Make sure to nourish that gut! Most of the immune system resides here. Eat fermented foods to support your microbiome and immunity. Eat sauerkraut, kimchi, natto, miso, tempeh, and/or unsweetened coconut yogurt.

Get Enough Protein

Protein is critical for immune function and protein malnutrition is a big risk factor for death from infections. As a general guideline, we should be eating approximately half our body weight in grams of protein a day, whether from animal or plant-based proteins. Plant-based proteins (legumes, nuts/seeds, plant-based protein powder) are adequate if consumed in enough quantity. Our Daily Shake is a clean protein and vitamin powder that’s both non-GMO and vegan, meaning there’s no whey or other fillers. It has a unique blend of vitamins, minerals, 12g of high-quality plant protein, and fiber to help fill nutritional gaps and encourage clean eating.

Green Tea

Several studies over the past few years have found that drinking hot green tea can reduce the likelihood of upper respiratory infections. It’s unclear whether this is due to the warm vapor or the aromatic oils we inhale when sipping tea.

Green tea provides disease-fighting antioxidants (polyphenols and flavonoids) that protect against free radicals. One study showed that catechins, a particular type of polyphenols in tea, kill certain viruses. Green tea is also rich in L-theanine, an amino acid thought to help enhance immunity. You can check out our Clean Matcha here.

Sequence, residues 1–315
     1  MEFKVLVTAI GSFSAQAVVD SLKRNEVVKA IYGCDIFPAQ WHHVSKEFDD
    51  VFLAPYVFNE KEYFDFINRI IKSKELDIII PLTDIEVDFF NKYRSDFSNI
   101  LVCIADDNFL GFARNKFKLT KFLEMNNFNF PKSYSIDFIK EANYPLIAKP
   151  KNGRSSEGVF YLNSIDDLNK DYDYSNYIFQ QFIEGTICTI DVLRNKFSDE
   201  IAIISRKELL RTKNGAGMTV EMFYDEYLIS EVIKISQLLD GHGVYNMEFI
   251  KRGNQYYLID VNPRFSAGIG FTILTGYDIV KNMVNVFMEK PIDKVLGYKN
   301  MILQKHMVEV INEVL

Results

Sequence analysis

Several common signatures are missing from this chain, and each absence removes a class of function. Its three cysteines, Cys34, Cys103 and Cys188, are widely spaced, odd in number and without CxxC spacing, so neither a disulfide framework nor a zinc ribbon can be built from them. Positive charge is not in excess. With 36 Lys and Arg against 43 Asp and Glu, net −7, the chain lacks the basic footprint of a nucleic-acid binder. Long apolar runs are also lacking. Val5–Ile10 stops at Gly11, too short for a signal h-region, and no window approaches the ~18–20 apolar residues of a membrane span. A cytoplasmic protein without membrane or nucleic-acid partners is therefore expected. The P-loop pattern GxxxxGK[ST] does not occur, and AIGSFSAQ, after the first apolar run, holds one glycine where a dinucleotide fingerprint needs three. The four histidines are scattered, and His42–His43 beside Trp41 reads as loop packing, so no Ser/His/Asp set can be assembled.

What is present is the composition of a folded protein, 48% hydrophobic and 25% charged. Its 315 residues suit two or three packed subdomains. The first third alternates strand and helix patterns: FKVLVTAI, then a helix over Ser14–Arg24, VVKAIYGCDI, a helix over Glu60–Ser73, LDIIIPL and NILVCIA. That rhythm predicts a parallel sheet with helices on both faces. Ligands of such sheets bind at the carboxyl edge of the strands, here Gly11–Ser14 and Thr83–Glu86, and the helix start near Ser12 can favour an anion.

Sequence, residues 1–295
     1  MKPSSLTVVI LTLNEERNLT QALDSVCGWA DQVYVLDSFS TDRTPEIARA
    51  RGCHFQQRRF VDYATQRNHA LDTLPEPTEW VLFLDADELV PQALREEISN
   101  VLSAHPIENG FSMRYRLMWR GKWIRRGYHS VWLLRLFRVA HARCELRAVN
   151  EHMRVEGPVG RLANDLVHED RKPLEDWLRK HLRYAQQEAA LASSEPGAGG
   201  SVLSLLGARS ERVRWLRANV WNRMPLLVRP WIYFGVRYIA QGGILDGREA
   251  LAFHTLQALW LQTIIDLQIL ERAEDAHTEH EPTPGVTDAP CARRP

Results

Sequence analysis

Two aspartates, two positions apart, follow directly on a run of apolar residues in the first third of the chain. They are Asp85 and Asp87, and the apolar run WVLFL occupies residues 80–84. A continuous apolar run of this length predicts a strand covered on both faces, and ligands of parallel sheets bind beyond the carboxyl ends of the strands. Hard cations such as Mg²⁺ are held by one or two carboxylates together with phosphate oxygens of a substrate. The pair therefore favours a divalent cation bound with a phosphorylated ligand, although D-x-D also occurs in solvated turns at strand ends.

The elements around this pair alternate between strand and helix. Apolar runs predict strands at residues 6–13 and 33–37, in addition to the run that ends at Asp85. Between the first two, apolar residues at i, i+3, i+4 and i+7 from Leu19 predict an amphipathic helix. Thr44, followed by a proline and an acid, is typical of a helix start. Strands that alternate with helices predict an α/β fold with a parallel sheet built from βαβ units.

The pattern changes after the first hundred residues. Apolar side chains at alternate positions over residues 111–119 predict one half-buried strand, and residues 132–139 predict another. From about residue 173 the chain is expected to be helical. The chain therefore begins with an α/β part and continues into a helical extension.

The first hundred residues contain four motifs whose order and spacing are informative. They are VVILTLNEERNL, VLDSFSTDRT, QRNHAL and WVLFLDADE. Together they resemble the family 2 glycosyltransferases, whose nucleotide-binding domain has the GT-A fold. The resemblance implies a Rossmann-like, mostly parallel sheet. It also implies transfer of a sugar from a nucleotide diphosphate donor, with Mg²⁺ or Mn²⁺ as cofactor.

How to Supplement to Support Immune Function


Zinc plays an important role in immunity, helping the body to fight invading bacteria and viruses, and may help the lining of the respiratory passages prevent viral replication and inflammation. Seafood (especially oysters), red meat, and pumpkin seeds are the best food sources. We love these delicious Healthy Bison Burgers to get in our daily zinc. Our zinc supplement, Shield, is formulated to be gentle on the stomach and easy to absorb.

Vitamin D

Vitamin D is a hormone that has an important effect on immune function and ability to fight infections. According to a 2017 meta-analysis in the British Medical Journal, vitamin D supplementation was safe and it protected against acute respiratory tract infection overall. Adequate vitamin D status is critical for optimal immune function. Studies have shown that people with vitamin D deficiency are 11 times more likely to get a cold or flu while supplementing with vitamin D can reduce colds and flu by 42%. It’s pretty difficult to get adequate levels of vitamin D due to modern lifestyle habits, like spending most of our time indoors and wearing sunscreen when we are exposed to the sun. This is why supplementation may be a good idea, especially during the winter months, or times when we aren’t able to get outside.

The best form of vitamin D for maximal absorption is vitamin D3. Our Shine Vitamin D contains vitamin D3. Shine comes in two forms: 1,000 IU and 5,000 IU for a more targeted dosage depending on your needs. For best absorption, take it with a meal that also contains healthy fats, like avocado, as vitamin D is fat-soluble. Good food sources of vitamin D include salmon, tuna, mackerel, and egg yolks.

Vitamin C